ANOTHER WOMAN WHO LOOKS LIKE ME, Black Sparrow at Godine.,
COLD COMFORT, Black Sparrow
BEFORE IT’S LIGHT, Black Sparrow
DESIRE, World Parade Books
92 RAPPLE DRIVE, Coatlism Press

Also out recently:
NUTLEY POND, PERSEPHONE, BARBARO: BEYOND BROKENNESS, LOST IN THE FOG, LIGHT AT THE END, JESUS POEMS and BALLET MADONNAS, KATRINA, LOST HORSES, CHIFFON, and BALLROOM. And just out: ALL THE POETS WHO HAVE TOUCHED ME, LIVING AND DEAD. ALL TRUE: ESPECIALLY THE LIES.

Forthcoming books include TSUNAMI AS HISTORY from POETRYREPAIRS.COM.

Death Valley Days

The TV was straight ahead. In my hand was the remote control. I was pretending it was a gun.

A person flashed across the screen. I pressed a button, shooting him dead.

Another face appeared. There were twelve buttons on the remote control. I pressed them one after the other.

Oprah Winfrey. “Bang! You’re dead.”

Family Feud. “Bang! Bang! Bang!”

Vanna White. “Bang! Gotcha.”

I had won the TV in a raffle six days ago. I had been lying on the sofa ever since. I hadn’t slept. I hadn’t bathed. Bags of potato chips and jujubes littered the floor. I had filled a Giant Slurpee with piss.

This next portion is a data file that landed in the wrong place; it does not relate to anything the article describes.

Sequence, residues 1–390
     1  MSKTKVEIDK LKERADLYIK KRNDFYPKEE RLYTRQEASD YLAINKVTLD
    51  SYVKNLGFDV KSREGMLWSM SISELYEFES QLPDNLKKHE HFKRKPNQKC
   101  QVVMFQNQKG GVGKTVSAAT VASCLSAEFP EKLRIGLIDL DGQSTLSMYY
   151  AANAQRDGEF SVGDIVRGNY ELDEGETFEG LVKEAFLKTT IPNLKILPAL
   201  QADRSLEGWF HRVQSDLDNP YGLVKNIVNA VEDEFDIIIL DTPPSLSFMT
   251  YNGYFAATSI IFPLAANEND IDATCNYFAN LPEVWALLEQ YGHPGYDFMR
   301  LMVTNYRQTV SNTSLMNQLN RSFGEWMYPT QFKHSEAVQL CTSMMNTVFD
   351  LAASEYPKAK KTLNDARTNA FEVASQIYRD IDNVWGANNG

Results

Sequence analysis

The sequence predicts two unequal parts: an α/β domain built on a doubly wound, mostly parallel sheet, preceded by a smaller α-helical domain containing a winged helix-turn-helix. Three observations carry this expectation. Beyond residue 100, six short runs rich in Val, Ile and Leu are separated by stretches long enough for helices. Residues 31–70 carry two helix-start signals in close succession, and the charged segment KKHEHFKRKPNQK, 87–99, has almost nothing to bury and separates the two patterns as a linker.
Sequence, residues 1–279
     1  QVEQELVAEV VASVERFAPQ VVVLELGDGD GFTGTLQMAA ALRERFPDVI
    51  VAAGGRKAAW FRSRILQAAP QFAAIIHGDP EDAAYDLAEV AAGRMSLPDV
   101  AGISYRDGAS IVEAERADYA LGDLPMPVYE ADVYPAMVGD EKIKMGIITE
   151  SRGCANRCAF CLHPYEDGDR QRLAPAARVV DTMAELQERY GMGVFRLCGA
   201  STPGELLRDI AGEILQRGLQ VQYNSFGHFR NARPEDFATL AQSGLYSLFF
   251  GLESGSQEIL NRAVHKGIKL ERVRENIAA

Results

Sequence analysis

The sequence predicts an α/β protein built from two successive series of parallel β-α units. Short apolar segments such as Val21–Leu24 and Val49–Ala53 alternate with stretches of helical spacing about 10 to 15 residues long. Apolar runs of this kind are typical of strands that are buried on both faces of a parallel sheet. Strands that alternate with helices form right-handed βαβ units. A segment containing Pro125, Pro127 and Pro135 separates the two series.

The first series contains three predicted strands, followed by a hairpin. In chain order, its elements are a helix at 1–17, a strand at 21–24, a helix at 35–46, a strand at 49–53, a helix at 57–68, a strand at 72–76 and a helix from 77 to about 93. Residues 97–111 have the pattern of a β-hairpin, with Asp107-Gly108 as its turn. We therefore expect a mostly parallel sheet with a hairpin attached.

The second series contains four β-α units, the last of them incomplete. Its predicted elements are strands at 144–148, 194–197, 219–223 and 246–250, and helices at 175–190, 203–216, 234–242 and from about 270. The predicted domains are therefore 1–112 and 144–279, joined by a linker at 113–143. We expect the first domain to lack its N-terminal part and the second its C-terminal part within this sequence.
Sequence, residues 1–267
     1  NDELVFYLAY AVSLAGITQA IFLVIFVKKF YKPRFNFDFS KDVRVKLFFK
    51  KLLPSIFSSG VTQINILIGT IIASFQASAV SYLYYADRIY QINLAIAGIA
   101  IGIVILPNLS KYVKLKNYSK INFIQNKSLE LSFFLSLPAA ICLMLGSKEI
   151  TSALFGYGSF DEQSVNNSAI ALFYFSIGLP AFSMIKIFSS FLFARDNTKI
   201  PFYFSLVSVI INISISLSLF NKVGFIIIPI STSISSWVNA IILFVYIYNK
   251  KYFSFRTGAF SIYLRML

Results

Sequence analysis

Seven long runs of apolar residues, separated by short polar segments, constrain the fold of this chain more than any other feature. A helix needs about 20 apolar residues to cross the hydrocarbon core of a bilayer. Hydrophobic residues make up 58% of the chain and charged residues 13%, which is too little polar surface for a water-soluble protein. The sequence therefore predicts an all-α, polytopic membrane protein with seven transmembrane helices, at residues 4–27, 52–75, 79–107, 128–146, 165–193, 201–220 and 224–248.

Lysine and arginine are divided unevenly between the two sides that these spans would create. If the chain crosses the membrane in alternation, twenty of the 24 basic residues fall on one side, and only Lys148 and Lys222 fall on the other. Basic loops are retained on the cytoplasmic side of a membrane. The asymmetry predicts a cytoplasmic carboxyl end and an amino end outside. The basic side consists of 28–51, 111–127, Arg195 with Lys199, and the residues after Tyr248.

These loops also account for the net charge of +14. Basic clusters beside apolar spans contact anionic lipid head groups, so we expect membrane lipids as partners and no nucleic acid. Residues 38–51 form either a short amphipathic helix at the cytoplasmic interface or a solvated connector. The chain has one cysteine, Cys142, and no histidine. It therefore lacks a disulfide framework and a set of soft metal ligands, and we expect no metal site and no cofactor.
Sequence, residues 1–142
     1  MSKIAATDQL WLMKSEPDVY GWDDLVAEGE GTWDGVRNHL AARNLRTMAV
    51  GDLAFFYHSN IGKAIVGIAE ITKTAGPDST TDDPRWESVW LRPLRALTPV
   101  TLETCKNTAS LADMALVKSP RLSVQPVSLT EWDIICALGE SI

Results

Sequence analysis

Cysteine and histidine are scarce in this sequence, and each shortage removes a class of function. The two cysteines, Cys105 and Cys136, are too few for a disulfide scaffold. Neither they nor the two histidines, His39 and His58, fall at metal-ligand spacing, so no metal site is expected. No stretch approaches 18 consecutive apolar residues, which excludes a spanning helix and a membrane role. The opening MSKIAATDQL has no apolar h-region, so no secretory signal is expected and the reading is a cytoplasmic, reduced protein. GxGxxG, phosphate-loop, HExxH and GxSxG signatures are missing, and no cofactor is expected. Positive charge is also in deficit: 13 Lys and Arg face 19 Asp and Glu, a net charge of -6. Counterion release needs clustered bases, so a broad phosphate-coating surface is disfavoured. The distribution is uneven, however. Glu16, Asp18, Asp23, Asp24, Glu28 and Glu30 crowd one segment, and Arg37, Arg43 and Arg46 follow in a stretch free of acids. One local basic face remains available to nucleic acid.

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Writers, Publishers, Editors, Poets… Issue 13: Spring 2011 of The Puritan has arrived on your Internet doorstep. Head over to their site to check their current issue (or one of the many archived issues) by clicking, here.


There you’ll find new fiction by Nancy Jo Cullen and Su Croll …


New poetry by Stephen Brockwell, John Barton, Suzannah Showler, Jaime Forsythe, Rich Ives, Heather Davidson, Kristen Orser, and from a student still in high school (a first for The Puritan!), Tabitha Sayegh …


And make sure you check out E Martin Nolan’s in depth interview with Ken Babstock, his accompanying review of Babstock’s latest collection, Methodist Hatchet, and Andrew MacDonald’s short conversation with 2011 Commonwealth Prize winner for Best First Book, Katrina Barton Best.

 

The Puritan is also seeking submissions for their next edition – Issue 14: Summer 2011. Check their site for details concerning new submission guidelines. Send original fiction, poetry, interviews, reviews, and essays by July 1st. Recent funding from the Canada Council means generous bounties will reward accepted submissions.